With a tiny fraction of the market share and a relatively more challenging environment than Windows I think everyone involved will admit that providing consistently satisfying Linux drivers is hard work. The good news is that the massive changes of the last year or two should start to settle down by the end of 2009, and hopefully we will all be able to deliver an excellent user experience from that point on.

    Our hope is that by actively supporting open source driver development we can give you a better experience with the newest X servers and kernels, while the proprietary driver gives you performance and features closer to what you would see on other OSes, on a "supported" subset of distributions and hardware.
    Last edited by bridgman; 01-25-2009, 08:01 PM.

    Leave a comment:


  • gordboy
    replied
    Interesting

    Very interesting indeed.

    I wasn't actually referring to bridgman, but she felt she had to pipe up. Well I'm all for greater inclusivity and free speech, so please feel free, my dear.

    Then we have the issue of "turning the tables". Suddenly, I am a defendant who is obliged to answer spurious calls for evidence. I'm not the one who has paid out MILLIONS in out-of-court settlements to complainants.

    Well here's the thing : the Linux drivers both for nvidia & ATI are an absolute disgrace. They are *so* much worse than their Windows counterparts that only a muppet or a paid apologist would find this acceptable.

    Let's have an explanation for that, guys. Instead of fulminating and posturing, let's have the full details as to why the Linux drivers are so awful. When you do that to my satisfaction, then I might consider commenting further.

    Leave a comment:


  • Ex-Cyber
    replied
    Originally posted by gordboy View Post
    Only corporate stooges shout "give us citations" when google is absolutely full of apposite material. The number of complaints in the California courts alone, would be enough to fill this forum ten times over. Then we have damning testimony to the EU from micro$oft themselves, which led to unprecedented fines and prohibitions from tendering.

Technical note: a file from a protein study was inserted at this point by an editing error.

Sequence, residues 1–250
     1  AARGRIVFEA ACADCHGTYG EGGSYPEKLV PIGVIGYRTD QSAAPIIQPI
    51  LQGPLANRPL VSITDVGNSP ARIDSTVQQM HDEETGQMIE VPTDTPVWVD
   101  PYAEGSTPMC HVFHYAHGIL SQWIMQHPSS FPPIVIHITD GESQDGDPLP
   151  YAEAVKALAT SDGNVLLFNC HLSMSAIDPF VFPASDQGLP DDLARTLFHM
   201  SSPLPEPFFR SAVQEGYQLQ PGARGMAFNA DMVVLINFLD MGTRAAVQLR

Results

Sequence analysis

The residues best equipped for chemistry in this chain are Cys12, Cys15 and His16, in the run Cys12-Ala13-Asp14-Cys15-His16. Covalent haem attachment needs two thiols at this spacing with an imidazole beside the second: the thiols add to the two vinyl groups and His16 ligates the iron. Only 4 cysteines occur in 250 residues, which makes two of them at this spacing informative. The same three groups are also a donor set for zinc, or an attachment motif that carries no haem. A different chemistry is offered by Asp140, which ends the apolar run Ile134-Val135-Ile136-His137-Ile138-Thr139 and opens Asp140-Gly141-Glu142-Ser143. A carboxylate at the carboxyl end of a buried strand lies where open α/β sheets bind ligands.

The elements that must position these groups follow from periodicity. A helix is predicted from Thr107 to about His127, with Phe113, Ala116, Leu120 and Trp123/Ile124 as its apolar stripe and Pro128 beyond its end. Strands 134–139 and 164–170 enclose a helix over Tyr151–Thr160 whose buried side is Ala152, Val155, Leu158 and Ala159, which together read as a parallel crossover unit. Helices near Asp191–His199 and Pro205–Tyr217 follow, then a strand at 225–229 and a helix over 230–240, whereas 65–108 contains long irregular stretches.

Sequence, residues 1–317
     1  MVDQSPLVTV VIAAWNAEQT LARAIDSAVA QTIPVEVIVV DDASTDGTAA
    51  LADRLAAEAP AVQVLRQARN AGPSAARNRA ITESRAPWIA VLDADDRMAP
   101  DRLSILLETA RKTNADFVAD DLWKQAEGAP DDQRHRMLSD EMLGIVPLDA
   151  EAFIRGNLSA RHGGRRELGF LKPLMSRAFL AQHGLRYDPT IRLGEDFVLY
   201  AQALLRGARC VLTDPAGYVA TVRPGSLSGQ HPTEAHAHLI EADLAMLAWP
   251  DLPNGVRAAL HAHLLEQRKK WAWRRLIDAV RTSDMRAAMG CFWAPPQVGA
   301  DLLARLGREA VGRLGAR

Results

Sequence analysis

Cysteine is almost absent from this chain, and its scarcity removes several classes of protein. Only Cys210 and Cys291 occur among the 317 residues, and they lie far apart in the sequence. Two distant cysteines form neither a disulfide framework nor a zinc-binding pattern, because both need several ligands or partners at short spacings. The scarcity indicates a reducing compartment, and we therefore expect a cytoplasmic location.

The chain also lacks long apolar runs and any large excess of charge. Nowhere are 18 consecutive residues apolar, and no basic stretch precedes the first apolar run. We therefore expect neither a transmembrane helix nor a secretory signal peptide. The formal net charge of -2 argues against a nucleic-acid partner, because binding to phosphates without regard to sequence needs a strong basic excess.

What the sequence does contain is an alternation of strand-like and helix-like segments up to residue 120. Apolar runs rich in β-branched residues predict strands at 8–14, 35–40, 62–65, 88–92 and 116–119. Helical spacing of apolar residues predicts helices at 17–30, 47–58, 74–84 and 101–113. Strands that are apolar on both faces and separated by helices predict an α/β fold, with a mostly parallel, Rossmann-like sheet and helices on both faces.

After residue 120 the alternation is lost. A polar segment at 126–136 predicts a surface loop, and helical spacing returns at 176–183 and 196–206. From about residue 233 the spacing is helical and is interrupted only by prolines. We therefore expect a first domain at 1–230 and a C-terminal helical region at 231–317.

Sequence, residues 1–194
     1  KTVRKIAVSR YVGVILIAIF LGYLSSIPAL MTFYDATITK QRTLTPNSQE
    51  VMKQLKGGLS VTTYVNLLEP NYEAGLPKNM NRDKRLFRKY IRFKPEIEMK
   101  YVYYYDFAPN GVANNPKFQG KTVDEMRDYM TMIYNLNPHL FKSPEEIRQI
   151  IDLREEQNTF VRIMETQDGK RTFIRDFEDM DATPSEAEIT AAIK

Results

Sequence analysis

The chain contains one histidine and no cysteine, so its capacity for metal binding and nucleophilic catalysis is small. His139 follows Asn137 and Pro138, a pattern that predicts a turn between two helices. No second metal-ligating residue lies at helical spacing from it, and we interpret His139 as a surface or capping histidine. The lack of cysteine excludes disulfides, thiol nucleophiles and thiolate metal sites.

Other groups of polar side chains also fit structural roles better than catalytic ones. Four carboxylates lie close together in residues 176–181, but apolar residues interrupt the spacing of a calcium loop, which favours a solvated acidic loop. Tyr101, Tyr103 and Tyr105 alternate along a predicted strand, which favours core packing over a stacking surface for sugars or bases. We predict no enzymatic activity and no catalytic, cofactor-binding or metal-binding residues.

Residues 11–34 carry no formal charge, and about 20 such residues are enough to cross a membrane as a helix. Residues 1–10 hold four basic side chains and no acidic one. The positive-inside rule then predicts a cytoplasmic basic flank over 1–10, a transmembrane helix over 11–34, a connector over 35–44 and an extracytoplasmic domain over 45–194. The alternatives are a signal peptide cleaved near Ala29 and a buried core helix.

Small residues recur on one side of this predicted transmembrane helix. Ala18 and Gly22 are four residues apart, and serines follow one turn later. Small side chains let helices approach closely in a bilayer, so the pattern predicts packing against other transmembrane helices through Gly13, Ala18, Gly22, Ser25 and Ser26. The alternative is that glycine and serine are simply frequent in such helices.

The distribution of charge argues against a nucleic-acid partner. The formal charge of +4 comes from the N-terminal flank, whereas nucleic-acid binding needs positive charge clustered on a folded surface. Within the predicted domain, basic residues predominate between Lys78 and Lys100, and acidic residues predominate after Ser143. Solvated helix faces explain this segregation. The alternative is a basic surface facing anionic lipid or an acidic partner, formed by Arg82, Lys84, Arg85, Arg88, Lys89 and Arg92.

I'm not sure how to describe how weak of a response this is. Hmm...

    Originally posted by gordboy
    obfuscate, deflect and parry with depressingly predictable ad hominem attacks.
    That works.

    Leave a comment:


  • bridgman
    replied
    It says "AMD Linux" on every post I make; I can't get much more brazen than that

    I would still be interested in any information related to your previous post where you said "The Big Two, ATI & nvidia have both promised micro$oft never to release a fully working linux driver. This is a matter of public record.".

    Leave a comment:


  • gordboy
    replied
    Several Antitrust Suits Already Being Heard

    Confession time : I posted that last post to see who would crawl out of the woodwork.

    I really didn't think anyone would show their allegiance to their corporate overlords quite so brazenly here.

    Just in case anyone is in any doubt : there are *several* pending antitrust suits against AMD/nvidia both jointly and severally as defendants. And they have been repeatedly criticized for price fixing and anti-competitive practices, including "lock-in" with micro$oft.

    Only corporate stooges shout "give us citations" when google is absolutely full of apposite material. The number of complaints in the California courts alone, would be enough to fill this forum ten times over. Then we have damning testimony to the EU from micro$oft themselves, which led to unprecedented fines and prohibitions from tendering.

    I think it's about time that members of this forum who work for the companies concerned, remembered that misrepresenting the facts about their company policies and practices is a criminal offense in most jurisdictions.

    Of course, no-one here is stupid enough to go down that road. Instead they obfuscate, deflect and parry with depressingly predictable ad hominem attacks. But the end result is still the same - they end up as pariahs, unable to even get a job selling water in a desert.

    Leave a comment:


  • RealNC
    replied
    I think he's just talking out of his bum :P

    Leave a comment: